Fears of bicycle and pedestrian safety sparked by three recent deaths in the region pushed residents this week to call for a new committee in Glendale to which locals could air concerns about street dangers. But some officials are worried that another layer of bureaucracy will unnecessarily burden an already thin transportation staff.
A pedestrian fatality in Glendale and two recent bicycle deaths in Pasadena have renewed calls for a fresh approach to public safety outreach, but that could be difficult, some say, since local resources already are stretched thin.
Transportation and Parking Commissioner Maro Yacoubian said during a meeting this week that she was against adding to the burden.
“I don’t want to create another committee to tax the city’s resources,” she said.
The city already has a Bicycle Advisory Committee charged with creating a Bicycle Master Plan to lay out guidelines for how Glendale will address bicyclists’ needs in the future. Some commissioners feared the two groups would be duplicating efforts.
But proponents pointed out that a City Council-approved plan drafted by the Los Angeles County Bicycle Coalition as a means to enhance bicycling throughout the county recommended formation of another group.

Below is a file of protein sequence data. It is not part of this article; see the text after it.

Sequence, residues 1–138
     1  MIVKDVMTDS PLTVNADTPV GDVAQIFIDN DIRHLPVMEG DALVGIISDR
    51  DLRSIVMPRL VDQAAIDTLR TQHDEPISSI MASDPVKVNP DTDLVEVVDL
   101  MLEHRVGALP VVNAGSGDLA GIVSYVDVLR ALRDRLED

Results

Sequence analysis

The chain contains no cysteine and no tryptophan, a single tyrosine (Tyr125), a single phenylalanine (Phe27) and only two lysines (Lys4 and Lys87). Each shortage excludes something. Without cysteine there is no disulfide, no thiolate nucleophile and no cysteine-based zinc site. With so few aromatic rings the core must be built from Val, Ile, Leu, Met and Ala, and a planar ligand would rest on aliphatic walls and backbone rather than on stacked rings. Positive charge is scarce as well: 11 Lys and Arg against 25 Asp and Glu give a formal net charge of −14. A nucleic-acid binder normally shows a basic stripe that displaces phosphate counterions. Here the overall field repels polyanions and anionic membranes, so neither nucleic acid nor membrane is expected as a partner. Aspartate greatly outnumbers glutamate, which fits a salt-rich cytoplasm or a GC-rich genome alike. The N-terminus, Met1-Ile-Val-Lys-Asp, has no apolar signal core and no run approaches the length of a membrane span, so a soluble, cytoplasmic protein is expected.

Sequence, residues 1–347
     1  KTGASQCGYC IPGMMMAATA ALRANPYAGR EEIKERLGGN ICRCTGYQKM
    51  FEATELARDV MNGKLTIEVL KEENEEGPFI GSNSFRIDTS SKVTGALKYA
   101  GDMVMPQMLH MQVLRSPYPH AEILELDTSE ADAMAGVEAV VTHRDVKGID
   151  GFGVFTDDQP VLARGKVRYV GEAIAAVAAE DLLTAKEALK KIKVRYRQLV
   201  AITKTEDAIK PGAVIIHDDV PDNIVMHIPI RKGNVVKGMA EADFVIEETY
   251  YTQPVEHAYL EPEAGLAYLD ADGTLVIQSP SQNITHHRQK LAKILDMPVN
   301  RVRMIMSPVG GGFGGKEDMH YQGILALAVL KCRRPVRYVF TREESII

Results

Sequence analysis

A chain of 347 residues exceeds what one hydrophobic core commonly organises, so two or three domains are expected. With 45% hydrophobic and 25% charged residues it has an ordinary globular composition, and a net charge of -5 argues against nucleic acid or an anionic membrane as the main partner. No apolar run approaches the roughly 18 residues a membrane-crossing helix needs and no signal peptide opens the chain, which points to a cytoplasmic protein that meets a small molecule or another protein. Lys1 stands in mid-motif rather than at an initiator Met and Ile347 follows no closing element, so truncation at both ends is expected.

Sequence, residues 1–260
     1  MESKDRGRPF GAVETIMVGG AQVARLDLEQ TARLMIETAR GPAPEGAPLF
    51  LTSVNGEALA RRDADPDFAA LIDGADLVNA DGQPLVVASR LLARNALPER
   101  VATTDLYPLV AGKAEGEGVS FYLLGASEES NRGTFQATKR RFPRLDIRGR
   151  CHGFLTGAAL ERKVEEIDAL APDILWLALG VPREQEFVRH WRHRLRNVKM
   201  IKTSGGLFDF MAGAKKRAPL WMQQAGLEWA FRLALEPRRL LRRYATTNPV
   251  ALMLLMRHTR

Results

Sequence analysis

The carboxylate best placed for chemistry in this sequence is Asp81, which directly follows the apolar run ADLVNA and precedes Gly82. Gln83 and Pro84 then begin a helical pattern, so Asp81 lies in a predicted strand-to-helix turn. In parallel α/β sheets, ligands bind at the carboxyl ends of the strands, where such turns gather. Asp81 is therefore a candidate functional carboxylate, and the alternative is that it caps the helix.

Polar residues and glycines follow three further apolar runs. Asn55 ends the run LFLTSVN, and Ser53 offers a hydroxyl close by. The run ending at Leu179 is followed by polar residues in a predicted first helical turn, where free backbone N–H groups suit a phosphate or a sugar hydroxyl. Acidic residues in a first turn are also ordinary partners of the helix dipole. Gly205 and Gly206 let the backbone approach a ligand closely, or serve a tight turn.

The proposed committee could be called the Pedestrian and Bicycle Advisory Committee and would include community members and city officials.
Despite the concerns about committee overload, the Transportation and Parking Commission agreed to create a new committee this week, tasking staff with figuring out how the group would work.
“We do have a serious safety problem here,” said commission Chairman Bill Weisman. “It could be a matter of life and death, depending on how fast we deal with this.”
However, residents and one member of the Bicycle Advisory Committee said they felt the group didn’t meet frequently enough and didn’t provide a place for the community to express concerns about specific unsafe roads, crossings or other issues on an ongoing basis. The Bicycle Advisory Committee is scheduled to cease once it finishes the Bicycle Master Plan.
Erik Yesayan, a planning commissioner and Bicycle Advisory Committee member, said the group meets just once every five months and members come and go. Several residents said that type of loose committee structure wouldn’t help solve specific concerns.
“I certainly would not want to look a mother in the eye who’s lost her son or her daughter and say: ‘I’m sorry we just didn’t have the ability to do another committee and that resulted in your son or daughter’s death,’” said resident Chris Welch, former chairman of the commission.
Traffic and Safety Administrator Jano Baghdanian said his staff would iron out the kinks of what the new committee will look like and how it will mesh with the current bike group. He said he’ll present that report in November.
“So we’re not trying to reinvent the wheel, we’ll do what we can,” he said.